Want to know what car I’m really looking forward to next year? Audi’s rear-wheel-drive version of the R8 supercar. Audi says the limited-edition model will ditch some of the luxuries of the AWD R8 in return for less weight, promising an even more focused driving experience. Read: We’re actually going to get an Audi that likes to wag its tail.
Take the R8 RWS as a sign that the buttoned-down marque is paying special attention to the purists. Audi is finally getting serious about competing with BMW’s M and Mercedes’ AMG high-performance brands. As such, a number of high-performance variants long available in Europe, are now finding their way stateside. Today, you can walk into a dealership and have your pick of the RS3, TT RS, RS 7, R8, and R8 Spyder. And the long-awaited RS 5 coupe will arrive in spring of next year.
All of the aforementioned models fall into the “Audi Sport” line. Formerly, Audi’s in-house performance division was known as Quattro GmbH before it was rebranded last year. Engineered in the small city of Neckarsulm, in southwest Germany, the models themselves are highly differentiated. When a brand new model is being planned, the engineers and designers at Audi Sport work in parallel with their Audi colleagues in Ingolstadt. The concept is to wring as much performance as possible to the variants by integrating engine upgrades or replacements, and revisions to the suspension, cooling, and braking systems.
Not surprisingly, Audi Sport models share DNA with Audi’s racecars, so the line also encompasses customer-focused racers like the RS 3 LMS and R8 LMS. “Audi Sport has always been about testing on the track what we deliver to our customers on the road,” says Scott Keogh, Audi of America president. “That level of engineering and authenticity is what will continue to allow us to compete and, in many cases, outperform our M and AMG rivals.”
In the United States, the RS cars have never had the visibility of M or AMG. The first-ever RS, the 375 hp RS4 Avant wagon, was a Europe-only car released in 2000. The North American market had to wait until 2002 for the first RS, the RS6. An RS version of the A4 sedan arrived in 2007.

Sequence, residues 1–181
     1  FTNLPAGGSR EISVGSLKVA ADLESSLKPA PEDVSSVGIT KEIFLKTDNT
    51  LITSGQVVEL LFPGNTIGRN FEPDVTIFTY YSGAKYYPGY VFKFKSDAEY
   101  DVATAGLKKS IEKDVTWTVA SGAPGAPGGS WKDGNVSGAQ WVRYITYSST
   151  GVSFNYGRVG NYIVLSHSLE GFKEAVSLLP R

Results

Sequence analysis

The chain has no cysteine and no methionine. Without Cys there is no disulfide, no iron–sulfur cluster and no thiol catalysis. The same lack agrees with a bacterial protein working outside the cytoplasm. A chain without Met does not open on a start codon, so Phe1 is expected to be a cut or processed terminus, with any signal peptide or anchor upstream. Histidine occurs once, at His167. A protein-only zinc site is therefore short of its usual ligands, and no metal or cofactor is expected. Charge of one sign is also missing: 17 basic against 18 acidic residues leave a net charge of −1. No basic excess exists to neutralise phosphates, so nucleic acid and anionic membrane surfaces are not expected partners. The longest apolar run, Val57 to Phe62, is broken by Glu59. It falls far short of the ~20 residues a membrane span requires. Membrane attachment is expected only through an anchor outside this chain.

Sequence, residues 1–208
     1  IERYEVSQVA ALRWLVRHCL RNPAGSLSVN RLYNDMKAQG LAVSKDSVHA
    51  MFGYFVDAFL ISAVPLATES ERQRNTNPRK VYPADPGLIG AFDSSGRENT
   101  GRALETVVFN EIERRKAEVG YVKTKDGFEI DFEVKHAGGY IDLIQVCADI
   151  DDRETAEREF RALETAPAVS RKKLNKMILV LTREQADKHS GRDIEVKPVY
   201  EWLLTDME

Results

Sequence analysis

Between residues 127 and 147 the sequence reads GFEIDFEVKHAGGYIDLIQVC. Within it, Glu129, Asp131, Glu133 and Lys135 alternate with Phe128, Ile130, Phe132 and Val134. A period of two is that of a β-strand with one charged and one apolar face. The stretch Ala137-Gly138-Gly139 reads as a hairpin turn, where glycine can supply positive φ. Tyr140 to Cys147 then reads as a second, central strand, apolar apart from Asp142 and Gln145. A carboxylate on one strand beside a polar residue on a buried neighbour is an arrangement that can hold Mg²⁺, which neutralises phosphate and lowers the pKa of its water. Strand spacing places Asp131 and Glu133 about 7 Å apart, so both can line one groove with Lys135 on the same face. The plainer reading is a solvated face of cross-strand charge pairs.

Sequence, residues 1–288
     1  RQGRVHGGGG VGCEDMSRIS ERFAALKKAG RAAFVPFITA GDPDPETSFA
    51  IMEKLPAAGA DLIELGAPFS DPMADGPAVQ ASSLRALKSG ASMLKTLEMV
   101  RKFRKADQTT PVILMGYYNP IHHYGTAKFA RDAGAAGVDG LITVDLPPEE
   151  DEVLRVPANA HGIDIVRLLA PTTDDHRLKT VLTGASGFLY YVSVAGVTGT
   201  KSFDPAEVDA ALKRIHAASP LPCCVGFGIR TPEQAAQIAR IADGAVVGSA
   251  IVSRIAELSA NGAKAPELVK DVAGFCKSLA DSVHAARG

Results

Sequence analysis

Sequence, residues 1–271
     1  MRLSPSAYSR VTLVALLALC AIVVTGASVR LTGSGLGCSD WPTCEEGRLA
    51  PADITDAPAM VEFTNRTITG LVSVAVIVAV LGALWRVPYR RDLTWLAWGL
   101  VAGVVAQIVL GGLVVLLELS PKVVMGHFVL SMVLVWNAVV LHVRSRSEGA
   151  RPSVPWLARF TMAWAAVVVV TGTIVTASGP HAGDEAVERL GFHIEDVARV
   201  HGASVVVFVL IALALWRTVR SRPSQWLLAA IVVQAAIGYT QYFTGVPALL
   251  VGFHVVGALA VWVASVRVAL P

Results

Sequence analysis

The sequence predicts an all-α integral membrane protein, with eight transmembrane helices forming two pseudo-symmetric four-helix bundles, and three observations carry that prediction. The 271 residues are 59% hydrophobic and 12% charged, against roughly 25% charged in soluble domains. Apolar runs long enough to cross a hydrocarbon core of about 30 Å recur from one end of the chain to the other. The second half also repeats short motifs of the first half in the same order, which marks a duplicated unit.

The RS4 was incredible. I’ll never forget a week I spent with it, driving the byroads around Vermont. At the time, Audi’s designs were modest and featured small grilles and humble exteriors. But a 420 hp nuclear reactor sat inside the front of the A4-based sedan, a V-8 that loved to be revved to 8,000 rpm. The delirious powerplant was married to a 6-speed manual transmission. Like the RS6, it was a sleeper—right until the sound of the engine ripped you out of your slumber.
As of now, there are no plans for a new RS4. But if you’re wondering how Audi differentiates the RS models from its competitors, it’s worth taking a drive in the TT RS or RS 3. These are relatively small cars, so you’d expect 4-cylinder engines with big honking turbochargers. Audi Sport engineers, however, decided that a 4-cylinder engine had neither sufficient personality nor a raucous enough sound. (We agree.) So instead of basing the TT RS off the regular TT’s 2-liter, they created an aluminum-block, turbocharged 5-cylinder, good for 400 hp and 354 ft lbs of torque.
Five-cylinders have a long history at Audi, especially in its rally cars. What is most noticeable in the TT RS is the fabulous noise. The natural imbalance between the cylinders creates a special timbre, an engine note that sounds alive and organic. It gets even better as you rev it toward 7,000 rpm.
The car is incredibly fast off the line, rips around curves and, in general, delivers all of the performance and thrills you could ask for. It has personality in spades. Which bodes well for the upcoming RS 5—which will likely get a high-power V-6—and an all-new RS 7 down the line.
For those of us who love a German car with a little extra zing, we’re more spoiled for choice than ever.